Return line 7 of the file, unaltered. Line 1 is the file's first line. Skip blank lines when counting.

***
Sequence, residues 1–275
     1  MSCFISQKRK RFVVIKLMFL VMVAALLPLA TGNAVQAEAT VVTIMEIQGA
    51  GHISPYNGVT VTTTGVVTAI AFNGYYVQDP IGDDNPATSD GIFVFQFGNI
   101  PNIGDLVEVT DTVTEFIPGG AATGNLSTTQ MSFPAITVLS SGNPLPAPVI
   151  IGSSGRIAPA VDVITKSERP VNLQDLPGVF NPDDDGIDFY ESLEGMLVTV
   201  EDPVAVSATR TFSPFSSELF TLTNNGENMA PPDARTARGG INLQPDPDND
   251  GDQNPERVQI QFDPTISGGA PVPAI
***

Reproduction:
   251  GDQNPERVQI QFDPTISGGA PVPAI